So, as a theatrical experience, Maria de Buenos Aires is simultaneously alluring and somewhat alienating. Horacio Ferrer’s surreal poetic texts are allusive and elusive and hard to process quickly — and when they are translated and projected as Supertitles, they are an almost fatal distraction. One looks to them for an elucidation of the spoken dialogue, but realizes time and time again that the poetry requires a world literature professor to provide exegesis. And there is so very much to read that — well, at a certain point one just gives up and regrets not having had a few more advanced Spanish lessons. Nothing we hear or read clearly explains the stage action. Best to ignore the titles altogther and just listen and watch. (SDO General Director David Bennett suggested as much in his pre-performance remarks.)
This tango operita also defeats the likely expectations of one not already familiar with the work. There is not as much actual tango dancing as one might hope for, and it often seems as if spoken narration exceeds the amount of singing. It really goes without saying, the piece is not an opera but something virtually sui generis. The best classic operas have characters who sing and reveal their emotional states. Ferrer’s characters, such as they are, are abstractions that resist our attempt to relate to them.
Fortunately, all three featured performers were able to bring an exciting immediacy and specificity to their roles, no matter how obscure the meaning or vague the action. Babcock’s Maria became a real woman, a mesmerizing vocal and physical presence. La Rosa, both her lover and her guardian angel, simply commanded the stage with macho authority and suave vocal artistry. (Their voices did not appear to have been amplified.) As the mysterious narrator, Celeste Lanuza shifted shapes, playing a range of characters, from a clown to tispsy prelate. Her El Duende was both comical and demonic.
Everybody else in this episodic show was billed merely as “Ensemble,” but these performers provided a dazzling panoply of colorful Argentine types.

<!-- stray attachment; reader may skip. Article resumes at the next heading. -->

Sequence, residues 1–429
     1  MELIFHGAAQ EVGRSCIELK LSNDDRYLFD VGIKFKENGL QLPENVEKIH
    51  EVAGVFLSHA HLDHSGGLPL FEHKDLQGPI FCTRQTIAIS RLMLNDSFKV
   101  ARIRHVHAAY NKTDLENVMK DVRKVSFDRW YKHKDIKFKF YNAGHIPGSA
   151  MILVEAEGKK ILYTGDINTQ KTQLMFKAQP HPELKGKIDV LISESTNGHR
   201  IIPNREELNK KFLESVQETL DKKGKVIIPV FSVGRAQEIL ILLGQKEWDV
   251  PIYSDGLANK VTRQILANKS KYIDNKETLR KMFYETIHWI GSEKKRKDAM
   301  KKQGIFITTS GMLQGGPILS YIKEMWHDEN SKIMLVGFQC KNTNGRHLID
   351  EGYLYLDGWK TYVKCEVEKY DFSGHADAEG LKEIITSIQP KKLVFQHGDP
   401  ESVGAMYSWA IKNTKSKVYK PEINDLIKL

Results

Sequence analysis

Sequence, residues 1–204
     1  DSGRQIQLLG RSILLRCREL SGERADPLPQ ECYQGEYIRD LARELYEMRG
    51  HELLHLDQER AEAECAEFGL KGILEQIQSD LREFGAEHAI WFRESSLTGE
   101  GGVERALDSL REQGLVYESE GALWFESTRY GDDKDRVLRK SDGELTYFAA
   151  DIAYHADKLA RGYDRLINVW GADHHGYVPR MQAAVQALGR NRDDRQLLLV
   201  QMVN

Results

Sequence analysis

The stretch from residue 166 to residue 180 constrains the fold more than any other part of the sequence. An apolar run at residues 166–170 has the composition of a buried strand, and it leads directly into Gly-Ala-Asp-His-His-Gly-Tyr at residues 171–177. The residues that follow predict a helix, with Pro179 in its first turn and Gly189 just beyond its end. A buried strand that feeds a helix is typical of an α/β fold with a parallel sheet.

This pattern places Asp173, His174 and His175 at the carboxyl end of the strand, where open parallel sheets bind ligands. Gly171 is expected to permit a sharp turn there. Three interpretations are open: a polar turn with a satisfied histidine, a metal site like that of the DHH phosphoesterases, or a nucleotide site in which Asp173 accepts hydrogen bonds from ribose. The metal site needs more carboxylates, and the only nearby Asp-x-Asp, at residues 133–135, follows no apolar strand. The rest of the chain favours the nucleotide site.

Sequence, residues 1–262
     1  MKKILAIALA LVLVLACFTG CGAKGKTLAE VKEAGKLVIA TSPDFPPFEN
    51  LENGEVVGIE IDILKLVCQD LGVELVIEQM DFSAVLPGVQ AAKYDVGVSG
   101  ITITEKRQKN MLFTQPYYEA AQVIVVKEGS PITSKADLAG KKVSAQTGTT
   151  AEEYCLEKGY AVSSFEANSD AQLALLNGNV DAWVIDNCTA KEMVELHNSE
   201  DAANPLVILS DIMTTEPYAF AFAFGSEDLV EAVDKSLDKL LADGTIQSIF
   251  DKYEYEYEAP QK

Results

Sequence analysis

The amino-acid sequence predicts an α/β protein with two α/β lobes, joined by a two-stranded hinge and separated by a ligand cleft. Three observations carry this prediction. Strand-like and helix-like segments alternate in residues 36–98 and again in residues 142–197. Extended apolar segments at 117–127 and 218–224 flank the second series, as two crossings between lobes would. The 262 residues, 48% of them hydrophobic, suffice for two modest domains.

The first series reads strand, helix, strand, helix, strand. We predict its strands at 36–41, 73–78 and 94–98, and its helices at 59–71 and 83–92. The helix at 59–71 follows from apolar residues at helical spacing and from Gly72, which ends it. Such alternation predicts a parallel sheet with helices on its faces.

What’s it all about? Ferrer deals chiefly with a traditional literary idea of death and resurrection. A nation’s culture and art are bound together on this circular journey. Maria is murdered halfway through the piece and emerges as her own Shadow. At the end she gives birth to something. A new Maria? We are definitely in Joseph Campbell territory! Not to mention the works of Carl Jung, Sigmund Freud, or Sir James Frazer in The Golden Bough. Maria might inspire erudite college lectures on the sacred and the profane, and the Apollonian and Dionysian, the Shadow and the Self — but perhaps it’s best to succumb to Piazzolla’s charms without dwelling too much on such conundrums. Maria = Tango = Buenos Aires. That’s enough.
I have tried to credit almost everyone below.
El Duende — Celeste Lanuza
Maria — Audrey Babcock
El Payador — Paul La Rosa
Ensemble — Serabeth Belon, Bernardo Bermudez,
Laura Bueno, Sandra Camarena,
Walter DuMelle, Rodolfo Ruiz-Velasco
John de los Santos — Stage Director
Bruce Stasyna — Conductor
Liliana Duque Piñeiro — Scenic Designer
Ingrid Helton — Costume Designer
Jason Bieber — Lighting Designer
Ross Goldman — Sound Design
Mary Yankee Peters — Production Stage Manager
Claudio Luchina, Ana Martinez — Supertitles
San Diego Symphony
David Alsina — bandoneon
Wesley Precourt — violin 1
Alex Palamidis — violin 2
Nancy Lochner — viola
Chia-Ling Chien — cello
Margaret Johnston — bass
Sarah Tuck — flute
Jon Szanto, Benjamin Irons — percussion
Bruce Stasyna — piano
Fred Benedetti —guitar
FRI, JAN 26 AT 7PM
SAT, JAN 27 AT 7PM
SAT, JAN 27 AT 10
SUN, JAN 28 AT 2PM
79 Horton Plaza 92101